By Jennifer Sparks
New school, new friends, new start
Last year, Tabarak, Safa and Dima were all forced to flee their homes in Mosul when the city was consumed by war. Though they didn’t know each other yet, the three girls would soon become inseparable.
“We work together. We play together,” says Dima. “We love to read in English. We especially like the stories for girls. We also like to write our own stories and read them to each other.”
The girls met a few months ago when they all started attending the al-Huda Primary School in west Mosul.
“When I first came to school six months ago, I sat next to Safa. We were introduced that way,” says Tabarak.
But at this time last year, the girls couldn’t venture outside their homes, much less go to classes. During the military operations to retake the city in 2017, it was too unsafe to attend.
Support UNICEF’s efforts to rebuild education in conflict zones
“During ISIL, we only went to school for the first year, and then we stopped because the curriculum changed,” says Tabarak. “At first it was like a holiday because I hate waking up early. But then we got bored. We had to spend most of our time hiding in the basement, so we were scared and bored.”
Tabarak and Dima were some of the lucky ones who were able to continue their education while they were displaced. Tabarak’s mother is an Arabic teacher who taught her at home during the years she was out of school. Dima and her family were displaced to Erbil, where she managed to attend classes.
But many children were not so fortunate. Hundreds of thousands of children in ISIL-affected areas missed at least one year of education. Schools were damaged or destroyed, and many still have no teachers or resources.
The al-Huda school in west Mosul is very close to the old city – the most heavily-hit neighbourhood. Buildings around the school have been completely destroyed. The children have to step over a fallen lamp post to cross the street into the school.
It is one of 256 schools UNICEF has helped rehabilitate in Mosul since the end of 2016, benefiting over 250,000 students.
Work is ongoing in another nine schools in west Mosul so classes can restart.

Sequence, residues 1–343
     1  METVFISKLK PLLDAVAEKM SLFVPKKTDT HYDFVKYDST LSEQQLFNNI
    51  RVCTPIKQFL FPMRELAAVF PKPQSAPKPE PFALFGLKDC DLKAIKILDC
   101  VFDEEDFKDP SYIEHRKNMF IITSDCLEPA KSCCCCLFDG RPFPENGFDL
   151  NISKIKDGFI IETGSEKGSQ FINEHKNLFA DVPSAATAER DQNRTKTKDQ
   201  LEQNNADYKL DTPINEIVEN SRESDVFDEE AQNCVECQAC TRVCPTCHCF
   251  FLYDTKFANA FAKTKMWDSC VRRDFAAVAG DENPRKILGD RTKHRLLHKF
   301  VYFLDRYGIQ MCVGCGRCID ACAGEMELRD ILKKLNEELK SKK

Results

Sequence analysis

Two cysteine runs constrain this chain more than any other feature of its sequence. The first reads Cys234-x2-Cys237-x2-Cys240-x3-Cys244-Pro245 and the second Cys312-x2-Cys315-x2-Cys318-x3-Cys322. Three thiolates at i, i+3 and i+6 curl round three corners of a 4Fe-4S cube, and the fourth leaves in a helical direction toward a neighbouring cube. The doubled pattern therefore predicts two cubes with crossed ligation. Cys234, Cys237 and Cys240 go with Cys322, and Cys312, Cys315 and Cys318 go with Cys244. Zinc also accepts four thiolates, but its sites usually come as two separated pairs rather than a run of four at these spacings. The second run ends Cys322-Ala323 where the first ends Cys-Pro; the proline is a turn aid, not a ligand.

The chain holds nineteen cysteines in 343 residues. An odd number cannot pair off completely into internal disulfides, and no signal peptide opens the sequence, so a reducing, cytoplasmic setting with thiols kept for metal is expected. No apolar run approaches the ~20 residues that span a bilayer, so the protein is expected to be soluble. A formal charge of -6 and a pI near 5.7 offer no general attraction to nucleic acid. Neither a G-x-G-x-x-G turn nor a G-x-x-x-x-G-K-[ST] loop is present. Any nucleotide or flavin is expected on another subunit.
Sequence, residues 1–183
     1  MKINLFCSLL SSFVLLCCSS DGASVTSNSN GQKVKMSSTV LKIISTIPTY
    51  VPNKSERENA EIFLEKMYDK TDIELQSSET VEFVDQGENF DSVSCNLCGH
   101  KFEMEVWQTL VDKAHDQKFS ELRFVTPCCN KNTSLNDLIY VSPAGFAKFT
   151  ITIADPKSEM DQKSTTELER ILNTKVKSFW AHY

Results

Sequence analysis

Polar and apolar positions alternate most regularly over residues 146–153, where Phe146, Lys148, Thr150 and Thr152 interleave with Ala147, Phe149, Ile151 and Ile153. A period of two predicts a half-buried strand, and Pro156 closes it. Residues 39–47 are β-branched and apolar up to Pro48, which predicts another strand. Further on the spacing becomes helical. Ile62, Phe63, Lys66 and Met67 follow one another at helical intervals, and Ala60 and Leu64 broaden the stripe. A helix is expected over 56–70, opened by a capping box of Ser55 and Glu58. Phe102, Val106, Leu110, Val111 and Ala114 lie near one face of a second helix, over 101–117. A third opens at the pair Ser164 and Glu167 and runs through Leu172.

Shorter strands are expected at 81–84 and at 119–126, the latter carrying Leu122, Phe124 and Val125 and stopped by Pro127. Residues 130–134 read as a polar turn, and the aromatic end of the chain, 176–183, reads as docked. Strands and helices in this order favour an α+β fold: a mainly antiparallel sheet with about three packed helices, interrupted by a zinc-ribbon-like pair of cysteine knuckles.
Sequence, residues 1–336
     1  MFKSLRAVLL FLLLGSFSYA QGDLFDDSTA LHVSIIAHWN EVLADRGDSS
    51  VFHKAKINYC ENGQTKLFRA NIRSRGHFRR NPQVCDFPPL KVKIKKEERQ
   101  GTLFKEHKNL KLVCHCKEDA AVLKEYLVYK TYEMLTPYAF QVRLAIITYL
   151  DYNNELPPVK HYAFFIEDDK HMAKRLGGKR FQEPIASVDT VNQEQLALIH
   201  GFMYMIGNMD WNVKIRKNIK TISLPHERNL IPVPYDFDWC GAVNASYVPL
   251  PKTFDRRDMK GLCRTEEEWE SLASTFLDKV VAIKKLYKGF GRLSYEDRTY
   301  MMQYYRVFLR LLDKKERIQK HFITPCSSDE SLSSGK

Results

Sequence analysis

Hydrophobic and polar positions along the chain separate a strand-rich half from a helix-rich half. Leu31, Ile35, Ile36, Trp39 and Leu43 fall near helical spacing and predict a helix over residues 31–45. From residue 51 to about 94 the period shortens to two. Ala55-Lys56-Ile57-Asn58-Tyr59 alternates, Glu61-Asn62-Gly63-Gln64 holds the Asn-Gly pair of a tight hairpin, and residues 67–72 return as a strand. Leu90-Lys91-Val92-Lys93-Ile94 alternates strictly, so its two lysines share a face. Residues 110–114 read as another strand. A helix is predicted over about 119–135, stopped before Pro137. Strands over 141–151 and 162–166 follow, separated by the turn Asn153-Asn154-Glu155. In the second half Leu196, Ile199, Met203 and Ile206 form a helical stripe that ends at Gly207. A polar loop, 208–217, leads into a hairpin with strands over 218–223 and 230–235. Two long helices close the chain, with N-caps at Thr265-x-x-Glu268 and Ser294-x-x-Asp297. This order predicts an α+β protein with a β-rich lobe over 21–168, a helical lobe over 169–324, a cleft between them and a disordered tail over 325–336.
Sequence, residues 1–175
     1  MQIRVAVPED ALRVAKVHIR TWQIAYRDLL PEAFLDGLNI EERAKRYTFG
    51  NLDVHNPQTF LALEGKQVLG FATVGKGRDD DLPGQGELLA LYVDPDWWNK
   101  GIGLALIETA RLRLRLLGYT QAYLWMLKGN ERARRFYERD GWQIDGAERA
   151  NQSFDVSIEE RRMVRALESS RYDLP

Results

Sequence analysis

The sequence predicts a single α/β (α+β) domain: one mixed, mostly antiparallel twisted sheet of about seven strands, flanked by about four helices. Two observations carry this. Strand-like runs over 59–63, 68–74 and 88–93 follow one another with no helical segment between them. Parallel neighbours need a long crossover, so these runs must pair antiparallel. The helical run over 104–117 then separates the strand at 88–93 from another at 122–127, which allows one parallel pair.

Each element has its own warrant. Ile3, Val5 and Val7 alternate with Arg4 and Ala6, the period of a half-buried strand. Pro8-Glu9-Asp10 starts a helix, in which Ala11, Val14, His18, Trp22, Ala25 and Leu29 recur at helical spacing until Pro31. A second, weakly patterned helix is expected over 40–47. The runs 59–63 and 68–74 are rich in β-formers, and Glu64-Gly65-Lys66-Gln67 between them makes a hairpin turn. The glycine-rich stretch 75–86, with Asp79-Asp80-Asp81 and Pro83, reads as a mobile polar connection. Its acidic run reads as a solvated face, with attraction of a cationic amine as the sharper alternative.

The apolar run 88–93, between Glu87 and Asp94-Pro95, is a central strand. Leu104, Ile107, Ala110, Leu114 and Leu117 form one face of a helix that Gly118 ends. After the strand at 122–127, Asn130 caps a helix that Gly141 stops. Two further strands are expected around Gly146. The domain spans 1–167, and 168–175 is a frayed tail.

Rebuilding education in Iraq
Today, the girls crowd together at one desk in their classroom. Tabarak, with her enormous eyes and dimpled smile, is holding Safa’s hand. Dima is grinning like she’s about to make a joke.
“When we came back to school, we were so happy to see our friends again,” says Dima.
“I was a little nervous because I didn’t know anyone. But then I met Safa and Dima, and it was all ok,” says Tabarak. She and her family were displaced from their home in west Mosul to the other side of the city where it was marginally safer. They have returned to a different neighbourhood in west Mosul as their neighbourhood is still not suitable to live in.
The three best friends are now some of al-Huda Primary School’s best and brightest students
They all sport ribbons announcing their success in school, and at 9 and 10 years old, are looking toward a future that they feel they have a hand in shaping.
“I want to be a pilot!” Safa says decisively. “I want to be a dentist,” says Dima. “And I want to be a pharmacist,” says Tabarak.
The girls also have clear ideas about how to improve their country. “If I were president, I’d give money to the poor. They don’t have anything, so we have to help them,” says Tabarak.
Safa, the more practical one in the trio of friends, is also concerned about rebuilding. “I want to repair schools. It will help people return home, and will give people work.”
Dima shows no hesitation when asked what she would do for Iraq. “I’d build a mall! Everyone likes shopping.”
This level of engagement—particularly from the girls—is a heartening sign for what Mosul can become. These bright young students have ideas, energy and most importantly, they have hope.
UNICEF’s education project in Iraq
Without access to quality education, too many Iraqi children are at risk of becoming a lost generation. Nearly 3.5 million school aged Iraqi children do not attend school or attend irregularly, and more than 600,000 displaced children have missed an entire year of schooling.
In addition to helping along Safa’s dream of rehabilitating school buildings in Mosul, UNICEF has provided recreation equipment, first aid supplies, teacher’s kits and learning materials for 224,000 students to date.
To address the significant mental health needs of students affected by conflict, UNICEF has supported psychosocial training for 25 key education staff in Mosul who will visit schools to train teachers.
Al-Huda school is one of 30 schools in Mosul that UNICEF supports with training to help the schools and the local community draft and implement School Improvement Plans. UNICEF also provides grants to all 30 schools.